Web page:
Canadian-born comic actor Dan Aykroyd, 54, is known for his roles in films such as Ghostbusters and The Blues Brothers, as well as from Saturday Night Live. Aykroyd has long been a passionate Bordeaux drinker and collector, and he is also a vocal booster of the Canadian winemaking industry. Nearly a year ago, he invested in Diamond Estates Wines & Spirits, a Toronto-based company whose holdings include four wineries on the Niagara Peninsula: Thomas & Vaughan Estate Winery, EastDell Estates Winery, Birchwood Estate Wines and Lakeview Cellars. Aykroyd and Diamond Estates recently announced plans to collaborate on two collections of Canadian wines, the Dan Aykroyd Discovery Series and the premium Dan Aykroyd Signature Reserve Series. Aykroyd spoke with Wine Spectator Online associate editor Laurie Woolever from the set of his next feature film I Now Pronounce You Chuck and Larry.
Wine Spectator: How did you become interested in wine?
Dan Aykroyd: As a college student in Ottawa, Canada, I didn't have much to do with wine--other than what I could afford, which was the Andres series of wine in Canada, Baby Duck and Baby Deer, and the occasional bottle of Mogen David, which has a great label, but is not such a great wine with a steak, you know? It's nice with some matzo brie and chopped liver, but you wouldn't sit down and treat a Mogen David like you would a fine Bordeaux. So that was all I was exposed to.
My next exposure to wine was in New York, at Saturday Night Live. Everyone would go out to get the Beaujolais Nouveau. That was the big thing, and of course we'd drink far too much of it.
And then I wrote The Blues Brothers. I was just a beer drinker right until we started filming the movie, and then it was Steve Cropper who sophisticated my taste. He played in Otis Redding's band. He produced Wilson Pickett, Sam & Dave, Otis Redding. He's a giant entertainer, guitar player and a very prosperous man because of his songwriting royalties, so he's been able to indulge himself for years and buy great, great wine. Well, we get out to California, we begin shooting The Blues Brothers at Universal Studios. He had a house on Mulholland Drive, above the studio. One night we went over there, and he poured me some wine and said, "Try this, I just got it." It was a Napa Valley Cabernet, and it changed my whole perception of what I wanted to taste for the rest of my life. It was so deep, so fat and so full. From there he said, "How would you like to try something French?" And after French, it was Super Tuscans.
WS: Do you have a personal wine cellar?
DA:You know what? It's completely empty. I've gone through four or five of them. After a full summer of entertaining, you can imagine how it gets depleted. It's gone. I have a bottle of Château Trotanoy Pomerol that River Phoenix gave me, and I hesitate to open that, because it's special, but you can't let these reds sit around for too long. At 15, even eight to 10 years, I find these Bordeaux are fine, and then after that you take a chance. You open it up, and it could be salad dressing. You just don't know. But I've had very good luck. I've had to send very few bottles back. In fact, I used to never send them back, even when the wine was corked.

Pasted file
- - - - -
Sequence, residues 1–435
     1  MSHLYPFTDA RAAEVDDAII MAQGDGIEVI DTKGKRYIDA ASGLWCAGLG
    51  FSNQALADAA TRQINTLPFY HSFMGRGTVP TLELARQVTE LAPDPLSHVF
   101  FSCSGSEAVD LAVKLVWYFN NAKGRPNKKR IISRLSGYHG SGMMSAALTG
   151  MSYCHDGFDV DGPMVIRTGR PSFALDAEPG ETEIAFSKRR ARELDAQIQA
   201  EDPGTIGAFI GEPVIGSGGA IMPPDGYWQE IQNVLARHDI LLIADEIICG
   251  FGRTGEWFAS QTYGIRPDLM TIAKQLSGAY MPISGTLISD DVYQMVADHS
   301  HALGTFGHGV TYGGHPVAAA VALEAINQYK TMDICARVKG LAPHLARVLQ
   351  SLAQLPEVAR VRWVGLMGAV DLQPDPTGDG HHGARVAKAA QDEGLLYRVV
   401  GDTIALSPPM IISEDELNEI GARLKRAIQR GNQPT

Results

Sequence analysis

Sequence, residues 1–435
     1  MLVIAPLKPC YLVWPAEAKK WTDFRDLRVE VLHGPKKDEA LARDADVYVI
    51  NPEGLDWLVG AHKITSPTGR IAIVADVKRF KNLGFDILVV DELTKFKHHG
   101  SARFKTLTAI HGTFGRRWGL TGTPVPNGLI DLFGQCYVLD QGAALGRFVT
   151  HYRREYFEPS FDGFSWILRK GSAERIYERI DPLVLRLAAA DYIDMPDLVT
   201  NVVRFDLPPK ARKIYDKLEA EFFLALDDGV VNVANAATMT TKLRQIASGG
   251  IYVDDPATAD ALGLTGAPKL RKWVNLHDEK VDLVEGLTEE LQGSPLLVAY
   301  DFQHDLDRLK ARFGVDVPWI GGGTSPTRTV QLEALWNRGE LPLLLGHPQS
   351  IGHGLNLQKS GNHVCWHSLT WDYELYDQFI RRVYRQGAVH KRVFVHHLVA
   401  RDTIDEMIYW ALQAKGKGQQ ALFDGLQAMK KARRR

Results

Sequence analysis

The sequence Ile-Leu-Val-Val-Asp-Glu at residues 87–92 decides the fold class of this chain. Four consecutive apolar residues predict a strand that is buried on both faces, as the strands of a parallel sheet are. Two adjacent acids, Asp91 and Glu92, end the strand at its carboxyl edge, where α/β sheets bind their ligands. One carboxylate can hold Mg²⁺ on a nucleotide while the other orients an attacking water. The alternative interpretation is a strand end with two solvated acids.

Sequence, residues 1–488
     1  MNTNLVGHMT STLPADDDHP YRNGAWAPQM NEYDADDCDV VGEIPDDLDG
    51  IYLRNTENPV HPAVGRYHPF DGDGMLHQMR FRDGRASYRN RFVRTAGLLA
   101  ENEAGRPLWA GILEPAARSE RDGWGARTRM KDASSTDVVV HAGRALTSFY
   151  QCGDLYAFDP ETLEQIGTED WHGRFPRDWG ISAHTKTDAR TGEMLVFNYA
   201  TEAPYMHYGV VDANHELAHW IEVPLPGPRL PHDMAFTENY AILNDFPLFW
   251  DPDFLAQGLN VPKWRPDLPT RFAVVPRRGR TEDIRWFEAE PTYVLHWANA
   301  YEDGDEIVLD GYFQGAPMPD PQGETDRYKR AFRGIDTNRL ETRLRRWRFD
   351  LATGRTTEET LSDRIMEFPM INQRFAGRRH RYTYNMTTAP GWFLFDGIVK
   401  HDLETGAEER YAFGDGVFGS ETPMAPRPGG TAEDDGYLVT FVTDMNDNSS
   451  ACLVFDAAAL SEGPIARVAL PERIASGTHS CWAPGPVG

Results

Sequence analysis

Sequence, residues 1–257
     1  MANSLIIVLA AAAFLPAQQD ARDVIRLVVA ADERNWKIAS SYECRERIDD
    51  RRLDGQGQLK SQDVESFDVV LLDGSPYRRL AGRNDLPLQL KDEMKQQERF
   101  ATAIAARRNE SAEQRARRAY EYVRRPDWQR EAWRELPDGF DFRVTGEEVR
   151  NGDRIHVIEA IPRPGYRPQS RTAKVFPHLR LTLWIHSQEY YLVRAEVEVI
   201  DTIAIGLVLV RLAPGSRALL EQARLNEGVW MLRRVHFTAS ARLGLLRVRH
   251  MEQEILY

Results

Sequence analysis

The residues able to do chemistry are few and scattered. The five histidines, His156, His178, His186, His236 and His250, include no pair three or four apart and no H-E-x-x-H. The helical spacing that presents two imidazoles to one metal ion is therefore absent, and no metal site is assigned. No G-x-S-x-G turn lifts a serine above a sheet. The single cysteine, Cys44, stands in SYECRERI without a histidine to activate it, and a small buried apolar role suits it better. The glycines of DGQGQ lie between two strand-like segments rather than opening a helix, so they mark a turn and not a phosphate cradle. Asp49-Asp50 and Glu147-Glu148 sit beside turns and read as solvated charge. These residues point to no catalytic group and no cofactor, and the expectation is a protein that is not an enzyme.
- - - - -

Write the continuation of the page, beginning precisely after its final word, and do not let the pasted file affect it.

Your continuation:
WS: Why is that?
DA:I thought, I'm not the kind of guy who sends back wine. I just thought, we'll order another bottle and leave that one to sip. But now I won't.
WS: Any thoughts on cork versus screw cap?
DA:You know, I haven't tasted enough good screw-cap wine to really decide yet.
WS: How did you come to invest in Diamond Estates Wines & Spirits?
DA: They were the distributor for Patrón tequila, which I'm the importer for in Canada. I wanted to have some leverage, and then I find out they have these four incredible wineries. They're very smart guys and they love wine and winemaking. The EastDell Unoaked Chardonnay, I would put that against any white in the world for a medal. I feel confident that now an Ontario white from Niagara can go against any white anywhere.
WS: Tell us a bit about the series of wines that you plan to launch in 2007.
DA:A Signature Reserve VQA Vidal ice wine, bottled at EastDell, will be the first to go out under my name. If Canadian wine is known for anything at all, it's ice wine. It's a great economic alternative to Yquem or a Sauternes or any of the other great dessert wines of France or Germany. You can get a Canadian ice wine for a fraction of the price and really, it's just as good in terms of sweetness and the velvety full flavor, the finish, the thickness of it. Of course, it will never be a Château d'Yquem, but this Vidal ice wine is going to be out there for under a hundred dollars. I'm not doing this for the ego of being in the wine business. I want the consumer to benefit from this.
WS: How involved are you with the winemaking decisions?
DA: I come from the marketing and promotion side, but I do have a good tongue. I know what I like, and I know what tastes good. I trust the vintners. They are second-generation or third-generation Niagara winemakers who just love what they do.
WS: Do you have any favorite wine-related memories?
DA: This isn't a memory, but if I'm ever to be executed, my last meal will start with EastDell Unoaked Chardonnay and a Caesar salad, then Yorkshire pudding, roast potatoes with rosemary gravy, peas and a T-bone steak, Florentine style, with sliced garlic on top, and all of this will have a Château Margaux next to it. A mocha dacquoise for dessert, with ice wine, and at the very end, a nice blue cheese, a Stilton. They'd have to kill me after that meal, really. I don't think I would be able to walk. They could use me as a science experiment.
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